Information about Nystatin
Nystatin is a topical and oral antifungal agent with activity against many species of yeast and candida albicans, which is used largely to treat skin and oropharyngeal candidiasis.
Liver safety of Nystatin
Nystatin is not absorbed orally and has not been linked to drug induced liver injury.
Mechanism of action of Nystatin
Nystatin (nye stat' in) is a polyene macrolide antibiotic that acts by binding to sterols in the plasma membranes of fungi causing the cells to leak, eventually leading to fungal cell death. Nystatin is indicated for the treatment of yeast and candidal infections of the skin, mucous membranes and gastrointestinal tract. It is not absorbed orally and thus not indicated for invasive fungal infections.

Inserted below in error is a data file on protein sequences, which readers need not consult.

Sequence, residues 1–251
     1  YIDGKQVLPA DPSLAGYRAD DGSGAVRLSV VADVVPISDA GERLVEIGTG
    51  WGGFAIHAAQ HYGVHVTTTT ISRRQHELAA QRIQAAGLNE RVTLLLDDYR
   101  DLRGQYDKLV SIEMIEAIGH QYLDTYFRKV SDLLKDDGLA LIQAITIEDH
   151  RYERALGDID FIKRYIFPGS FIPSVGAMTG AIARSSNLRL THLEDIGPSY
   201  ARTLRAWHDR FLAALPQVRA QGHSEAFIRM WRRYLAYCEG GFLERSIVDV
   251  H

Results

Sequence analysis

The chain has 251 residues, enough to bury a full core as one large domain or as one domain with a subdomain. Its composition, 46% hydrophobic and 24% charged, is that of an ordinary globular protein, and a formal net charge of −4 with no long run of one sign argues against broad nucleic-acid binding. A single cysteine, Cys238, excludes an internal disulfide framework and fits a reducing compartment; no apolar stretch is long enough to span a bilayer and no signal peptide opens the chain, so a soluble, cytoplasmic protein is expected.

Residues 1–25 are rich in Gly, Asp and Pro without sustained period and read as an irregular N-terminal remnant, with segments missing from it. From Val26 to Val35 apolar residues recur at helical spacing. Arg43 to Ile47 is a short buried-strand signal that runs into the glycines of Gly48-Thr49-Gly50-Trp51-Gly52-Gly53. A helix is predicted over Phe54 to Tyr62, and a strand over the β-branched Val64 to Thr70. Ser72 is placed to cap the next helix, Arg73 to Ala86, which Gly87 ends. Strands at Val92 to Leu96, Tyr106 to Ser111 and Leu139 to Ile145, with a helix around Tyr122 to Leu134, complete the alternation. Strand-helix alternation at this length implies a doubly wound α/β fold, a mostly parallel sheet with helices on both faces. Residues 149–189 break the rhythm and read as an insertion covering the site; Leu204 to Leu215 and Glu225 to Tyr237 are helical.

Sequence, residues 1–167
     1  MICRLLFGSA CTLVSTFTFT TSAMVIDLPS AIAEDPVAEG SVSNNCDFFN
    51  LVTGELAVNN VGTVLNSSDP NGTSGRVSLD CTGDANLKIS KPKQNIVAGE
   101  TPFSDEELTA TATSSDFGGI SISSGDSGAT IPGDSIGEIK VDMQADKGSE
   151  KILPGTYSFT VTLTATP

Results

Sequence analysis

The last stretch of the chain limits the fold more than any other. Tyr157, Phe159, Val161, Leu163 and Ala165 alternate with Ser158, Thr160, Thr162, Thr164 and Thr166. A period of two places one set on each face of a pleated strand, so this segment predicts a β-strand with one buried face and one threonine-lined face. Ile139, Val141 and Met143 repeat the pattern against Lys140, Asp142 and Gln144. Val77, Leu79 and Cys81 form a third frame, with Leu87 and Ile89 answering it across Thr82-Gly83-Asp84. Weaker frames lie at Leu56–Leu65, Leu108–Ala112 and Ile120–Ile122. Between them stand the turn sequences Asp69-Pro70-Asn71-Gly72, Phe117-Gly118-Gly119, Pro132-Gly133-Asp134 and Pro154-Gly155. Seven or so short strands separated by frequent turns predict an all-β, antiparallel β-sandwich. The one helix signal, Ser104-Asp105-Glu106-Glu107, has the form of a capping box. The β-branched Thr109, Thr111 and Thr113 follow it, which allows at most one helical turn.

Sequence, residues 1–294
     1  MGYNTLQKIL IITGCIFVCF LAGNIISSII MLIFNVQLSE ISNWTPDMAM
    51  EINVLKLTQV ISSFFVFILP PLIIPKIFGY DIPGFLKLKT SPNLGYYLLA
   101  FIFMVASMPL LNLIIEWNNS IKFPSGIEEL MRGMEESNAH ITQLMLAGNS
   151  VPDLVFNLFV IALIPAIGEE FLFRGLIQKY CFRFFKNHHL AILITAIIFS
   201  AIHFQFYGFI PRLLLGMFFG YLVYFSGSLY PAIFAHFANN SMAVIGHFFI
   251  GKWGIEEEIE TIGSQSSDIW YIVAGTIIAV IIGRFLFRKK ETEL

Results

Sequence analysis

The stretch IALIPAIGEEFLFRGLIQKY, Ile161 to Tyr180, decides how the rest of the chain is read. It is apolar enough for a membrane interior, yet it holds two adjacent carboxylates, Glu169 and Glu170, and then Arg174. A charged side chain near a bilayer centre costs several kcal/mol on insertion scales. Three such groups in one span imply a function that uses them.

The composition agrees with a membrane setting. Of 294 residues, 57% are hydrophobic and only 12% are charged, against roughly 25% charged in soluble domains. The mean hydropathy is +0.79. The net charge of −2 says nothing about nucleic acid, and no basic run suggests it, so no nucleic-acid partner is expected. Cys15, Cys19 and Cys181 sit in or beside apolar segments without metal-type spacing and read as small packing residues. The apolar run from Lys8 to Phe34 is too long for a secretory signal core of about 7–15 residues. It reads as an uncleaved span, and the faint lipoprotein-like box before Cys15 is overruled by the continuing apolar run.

FDA approval information for Nystatin
Nystatin was approved by the FDA in 1971 and is currently widely used in the treatment of superficial yeast infections and candida infections of the skin, mucous membranes and gastrointestinal tract, including oropharyngeal candidiasis.
Dosage and administration for Nystatin
Nystatin is available in multiple forms such as tablets, troches, powder for suspension, creams and ointments and varying concentrations which are usually measured in units. Nystatin is available in generic forms and under brand names such as Mycostatin, Nilstat, Nystat and Nystop. The recommended dose for oropharyngeal candidiasis is 500,000 to 1,000,000 units 3 to 5 times daily as oral suspension or tablets (dissolved in the mouth) for 1 to 2 weeks.
Side effects of Nystatin
The following drugs are antifungal agents:
- Amphotericin B